The Golden State Warriors’ public relations game plan to win quick approval of their proposed basketball arena along the San Francisco waterfront has been masterful so far, but team management may have just made its first mistake: misleading sportswriters, fans and potential season ticket holders about the status of center, Andrew Bogut’s broken ankle.
What does the health of one 7-foot-tall basketball player have to do with a billion dollar project at the foot of the Bay Bridge? Potentially a lot, because if as reported by the San Francisco Chronicle last week, the Warriors have been less than truthful about Bogut’s status, then they’ve put their credibility at risk.
The Warriors, led by owners Joe Lacob and Peter Guber are asking San Franciscans, city leaders, planning commissioners and environmentalists to believe that the team can build a 17,500-seat, 135 foot tall arena (that’s the equivalent of an 10 to 13 story building) on Piers 30-32 without blocking views from the waterfront, without creating traffic gridlock along the Embarcadero and without harming the environmentally sensitive San Francisco Bay. And the Warriors promise they can do all that using local union workers. Lots of jobs they say, and they wouldn’t use any public money.
Can they deliver on all those promises? Perhaps they can. Both Lacob, a venture capitalist and Guber, a film producer and CEO of Mandalay Enterntainment have money galore and long track records of success. But the Andrew Bogut situation raises questions about how forthright Warriors’ management has been.
Here’s the background: earlier this year, when the Warriors traded their fan favorite, Monta Ellis to the Milwaukee Bucks for Bogut, the Warriors knew many would question why they dealt a potential All-Star in exchange for a center with a broken ankle.
At the time, the Warriors told sportswriters and fans there was a chance Bogut would be recovered and ready to play by the end of last season. He wasn’t. Then team officials suggested he’d be ready for this season’s training camp. He wasn’t. Then the team said Bogut might play (at least part time) at the start of the season. He tried, but not without pain. More recently, after taking additional time off to rehabilitate his ankle, the Warriors said that Bogut would return to play in seven to ten days. That hasn’t happened either. Bogut still isn’t playing and may not for quite some time.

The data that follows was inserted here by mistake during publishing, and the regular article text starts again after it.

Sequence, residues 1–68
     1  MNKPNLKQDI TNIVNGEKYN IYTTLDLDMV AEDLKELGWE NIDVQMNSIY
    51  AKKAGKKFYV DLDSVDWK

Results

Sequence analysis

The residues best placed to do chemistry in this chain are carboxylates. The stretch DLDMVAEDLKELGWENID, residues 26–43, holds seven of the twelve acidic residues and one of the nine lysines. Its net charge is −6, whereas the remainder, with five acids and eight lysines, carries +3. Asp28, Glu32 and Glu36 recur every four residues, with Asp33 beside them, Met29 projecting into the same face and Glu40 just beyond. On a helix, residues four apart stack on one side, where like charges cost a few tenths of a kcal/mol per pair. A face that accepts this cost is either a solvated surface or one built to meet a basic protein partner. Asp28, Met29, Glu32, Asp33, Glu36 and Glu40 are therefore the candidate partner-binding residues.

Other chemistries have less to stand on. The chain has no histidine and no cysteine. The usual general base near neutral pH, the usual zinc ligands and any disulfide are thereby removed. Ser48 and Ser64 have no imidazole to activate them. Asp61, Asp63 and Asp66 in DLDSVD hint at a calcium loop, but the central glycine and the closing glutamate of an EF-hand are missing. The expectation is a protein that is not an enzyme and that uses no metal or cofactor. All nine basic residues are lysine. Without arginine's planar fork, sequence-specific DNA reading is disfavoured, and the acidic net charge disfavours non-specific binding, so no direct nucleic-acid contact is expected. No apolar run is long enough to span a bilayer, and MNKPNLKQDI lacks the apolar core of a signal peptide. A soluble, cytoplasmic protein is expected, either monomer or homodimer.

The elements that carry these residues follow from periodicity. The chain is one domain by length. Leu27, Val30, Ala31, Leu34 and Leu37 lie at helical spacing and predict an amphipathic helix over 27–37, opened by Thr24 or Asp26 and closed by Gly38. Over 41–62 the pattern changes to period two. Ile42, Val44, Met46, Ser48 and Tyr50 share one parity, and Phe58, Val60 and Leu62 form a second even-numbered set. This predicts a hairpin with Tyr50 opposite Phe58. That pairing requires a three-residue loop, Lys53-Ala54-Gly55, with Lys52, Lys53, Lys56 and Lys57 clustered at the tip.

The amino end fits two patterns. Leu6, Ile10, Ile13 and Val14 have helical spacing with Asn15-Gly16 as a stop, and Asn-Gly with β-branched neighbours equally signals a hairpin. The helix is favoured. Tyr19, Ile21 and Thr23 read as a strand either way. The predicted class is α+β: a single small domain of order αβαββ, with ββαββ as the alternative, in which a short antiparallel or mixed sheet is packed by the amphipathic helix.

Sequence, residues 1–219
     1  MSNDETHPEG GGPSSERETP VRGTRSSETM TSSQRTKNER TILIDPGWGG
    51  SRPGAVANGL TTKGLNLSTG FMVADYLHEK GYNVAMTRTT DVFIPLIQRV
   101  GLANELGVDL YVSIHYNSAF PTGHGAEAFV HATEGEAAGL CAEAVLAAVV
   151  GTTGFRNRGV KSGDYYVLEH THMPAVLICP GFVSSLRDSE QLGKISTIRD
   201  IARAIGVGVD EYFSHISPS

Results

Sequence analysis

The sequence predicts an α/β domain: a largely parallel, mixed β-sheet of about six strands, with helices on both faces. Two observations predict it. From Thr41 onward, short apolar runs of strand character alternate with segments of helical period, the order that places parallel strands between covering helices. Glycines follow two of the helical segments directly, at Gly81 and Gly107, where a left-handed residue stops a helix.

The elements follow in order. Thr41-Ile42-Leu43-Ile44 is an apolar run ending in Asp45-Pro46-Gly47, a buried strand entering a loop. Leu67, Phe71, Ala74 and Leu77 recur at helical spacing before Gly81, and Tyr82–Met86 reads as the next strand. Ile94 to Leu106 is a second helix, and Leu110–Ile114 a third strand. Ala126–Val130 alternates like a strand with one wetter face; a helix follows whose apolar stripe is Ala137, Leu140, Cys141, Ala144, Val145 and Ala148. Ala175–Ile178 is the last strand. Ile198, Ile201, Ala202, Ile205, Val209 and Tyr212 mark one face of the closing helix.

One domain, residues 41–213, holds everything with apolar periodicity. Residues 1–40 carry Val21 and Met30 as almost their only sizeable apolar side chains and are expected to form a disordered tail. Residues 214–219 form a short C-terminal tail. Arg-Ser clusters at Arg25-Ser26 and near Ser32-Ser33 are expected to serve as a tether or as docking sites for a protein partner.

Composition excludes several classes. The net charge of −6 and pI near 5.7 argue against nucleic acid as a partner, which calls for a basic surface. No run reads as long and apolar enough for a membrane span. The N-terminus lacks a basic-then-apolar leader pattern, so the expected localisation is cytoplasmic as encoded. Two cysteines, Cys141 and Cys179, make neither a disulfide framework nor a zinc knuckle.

Perhaps the Warriors were just overly optimistic. Many sports teams are guilty of hoping and planning for unrealistically quick recoveries. Also, returns from injuries often take longer than anticipated, because recovery times are not uniform. All of that seems innocent enough. But what’s caused many sportswriters to doubt the Warriors’ sincerity was the team’s explanation for follow-up surgery Bogut had in April.
At the time, the team characterized it as minor arthroscopic surgery designed to clean up loose particles in his ankle. Bogut and his agent signed off on that story, but this week, Bogut revealed it wasn’t true. The procedure was actually a much more serious microfracture surgery, which requires a much longer recovery time.
Did the Warriors knowingly promise something they knew they could not deliver: a healthy Bogut to start this year’s season? Has the team been painting an overly rosy picture to justify the controversial Monta Ellis trade? Were they afraid that if they told everyone how serious Bogut’s subsequent surgery really was, that it might jeopardize season-ticket sales? The bottom line: their explanation doesn’t matter. Rightly or wrongly, their credibility has taken an untimely hit.
At a moment the Warriors are trying to convince San Francisco city leaders to trust them to do the right thing with prized waterfront property, some are questioning the Warriors trustworthiness.
Public Relations 101: to convince people to trust you, be transparent and tell the truth. Are the Warriors being fully forthright and transparent about any potential problems they might encounter in building their arena? So far, there is nothing to suggest they haven’t been. But if the Warriors continue to be evasive about the true status of their star players, San Francisco city leaders might wonder if they are getting the full truth about the team’s ability to build a waterfront arena, without blocking waterfront views and without using any public money.